Date: Wed, 25 Feb 2004 08:19:58 -0500
Reply-To: "Fehd, Ronald J. (PHPPO)" <rjf2@CDC.GOV>
Sender: "SAS(r) Discussion" <SAS-L@LISTSERV.UGA.EDU>
From: "Fehd, Ronald J. (PHPPO)" <rjf2@CDC.GOV>
Subject: Re: Floating point storage of missing values
Content-Type: text/plain; charset="us-ascii"
"to use only floating point numbers as variables"
i.e. real numbers
prompts me to ask:
Has anyone done any testing of the SAS set of missing values
-- . ._ .A--.Z --
in numeric variables whose length is less than 8 bytes?
Ron Fehd the macro maven CDC Atlanta GA USA RJF2@cdc.gov
Efficiency is intelligent laziness. -David Dunham
> -----Original Message-----
> From: Dennis Diskin [mailto:diskin.dennis@KENDLE.COM]
> Sent: Wednesday, February 25, 2004 7:38 AM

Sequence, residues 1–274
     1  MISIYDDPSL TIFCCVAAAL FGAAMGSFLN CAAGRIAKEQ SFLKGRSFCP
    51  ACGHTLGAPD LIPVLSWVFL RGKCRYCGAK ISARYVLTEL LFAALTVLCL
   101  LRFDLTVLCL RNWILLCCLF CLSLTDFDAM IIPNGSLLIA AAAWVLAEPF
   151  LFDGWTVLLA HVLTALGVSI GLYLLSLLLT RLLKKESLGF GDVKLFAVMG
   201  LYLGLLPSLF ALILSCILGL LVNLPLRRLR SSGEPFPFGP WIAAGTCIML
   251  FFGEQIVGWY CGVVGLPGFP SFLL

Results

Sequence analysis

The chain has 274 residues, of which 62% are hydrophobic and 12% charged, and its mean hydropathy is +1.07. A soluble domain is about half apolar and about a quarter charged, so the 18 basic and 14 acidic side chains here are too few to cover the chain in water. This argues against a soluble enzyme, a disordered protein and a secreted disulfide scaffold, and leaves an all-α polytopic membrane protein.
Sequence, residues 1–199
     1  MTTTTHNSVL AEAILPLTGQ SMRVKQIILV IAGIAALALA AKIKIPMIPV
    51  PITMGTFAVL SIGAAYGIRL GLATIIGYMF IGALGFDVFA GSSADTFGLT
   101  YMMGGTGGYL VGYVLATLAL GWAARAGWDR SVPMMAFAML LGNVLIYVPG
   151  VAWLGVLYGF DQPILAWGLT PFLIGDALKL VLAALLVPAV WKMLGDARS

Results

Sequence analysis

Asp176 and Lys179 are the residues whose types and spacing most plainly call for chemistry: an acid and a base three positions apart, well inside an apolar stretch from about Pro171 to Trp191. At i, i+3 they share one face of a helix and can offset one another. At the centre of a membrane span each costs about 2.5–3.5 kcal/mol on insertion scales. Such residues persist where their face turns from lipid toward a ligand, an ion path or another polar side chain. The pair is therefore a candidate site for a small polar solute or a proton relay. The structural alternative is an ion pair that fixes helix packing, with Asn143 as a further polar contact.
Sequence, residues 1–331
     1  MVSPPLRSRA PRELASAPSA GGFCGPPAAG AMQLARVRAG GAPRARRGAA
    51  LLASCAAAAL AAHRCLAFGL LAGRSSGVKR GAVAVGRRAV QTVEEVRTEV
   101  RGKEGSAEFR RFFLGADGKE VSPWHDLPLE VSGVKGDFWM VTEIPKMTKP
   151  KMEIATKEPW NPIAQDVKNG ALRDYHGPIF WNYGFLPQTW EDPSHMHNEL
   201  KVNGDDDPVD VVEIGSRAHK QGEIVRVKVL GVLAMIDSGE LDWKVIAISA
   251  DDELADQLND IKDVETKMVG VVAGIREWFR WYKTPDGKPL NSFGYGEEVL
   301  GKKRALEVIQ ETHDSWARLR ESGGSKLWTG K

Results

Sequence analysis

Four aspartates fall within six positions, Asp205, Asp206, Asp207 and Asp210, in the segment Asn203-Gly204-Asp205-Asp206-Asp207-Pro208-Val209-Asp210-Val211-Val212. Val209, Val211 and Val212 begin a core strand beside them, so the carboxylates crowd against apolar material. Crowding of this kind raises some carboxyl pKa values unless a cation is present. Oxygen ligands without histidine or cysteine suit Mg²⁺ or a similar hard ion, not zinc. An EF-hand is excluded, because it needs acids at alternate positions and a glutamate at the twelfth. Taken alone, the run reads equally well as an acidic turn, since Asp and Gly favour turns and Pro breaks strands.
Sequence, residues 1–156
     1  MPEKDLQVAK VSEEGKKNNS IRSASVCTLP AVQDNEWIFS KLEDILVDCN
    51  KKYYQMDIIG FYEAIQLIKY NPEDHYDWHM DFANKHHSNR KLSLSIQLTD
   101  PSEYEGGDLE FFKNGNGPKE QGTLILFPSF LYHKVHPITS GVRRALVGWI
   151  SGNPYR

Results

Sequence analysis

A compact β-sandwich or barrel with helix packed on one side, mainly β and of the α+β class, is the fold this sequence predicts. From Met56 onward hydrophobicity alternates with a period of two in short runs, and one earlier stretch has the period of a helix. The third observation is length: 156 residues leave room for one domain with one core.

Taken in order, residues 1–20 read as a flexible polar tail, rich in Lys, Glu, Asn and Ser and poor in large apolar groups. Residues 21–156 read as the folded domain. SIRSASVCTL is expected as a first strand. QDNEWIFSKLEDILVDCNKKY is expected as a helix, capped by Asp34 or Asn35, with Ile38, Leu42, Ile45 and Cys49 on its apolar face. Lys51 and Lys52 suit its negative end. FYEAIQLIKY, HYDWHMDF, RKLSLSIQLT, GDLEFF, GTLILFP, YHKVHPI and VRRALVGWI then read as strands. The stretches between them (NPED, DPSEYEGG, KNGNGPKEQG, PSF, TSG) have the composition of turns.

> To: SAS-L@LISTSERV.UGA.EDU
> Subject: Re: Floating point storage of missing values
> You've already had a lot of good responses regarding actual
> order of the missing values. I just thought I'd point out
> that the binary represnetation will depend on your hardware.
> SAS's imlpementation of missing is tied in to their decision
> to use only floating point numbers as variables. Though it
> varies in implementation, a floating point number is stored
> as a characteristc and a mantissa (exponent and base). On the
> hardware I am familiar with, the mantissa porition is
> normalized (ie. left
> justified) and zeros are stored as all zero bits. If you
> create a binary representation which does not fall into the
> normalized representation, it is not a valid floating point
> number. When you try to floating point arithmetic on one of
> these, the hardware generates an interrupt which can be
> trapped and handled as you wish. This is where the overhead
> comes in. Just testing for order probably does not generate
> the interrupt since it is usually done on a binary basis.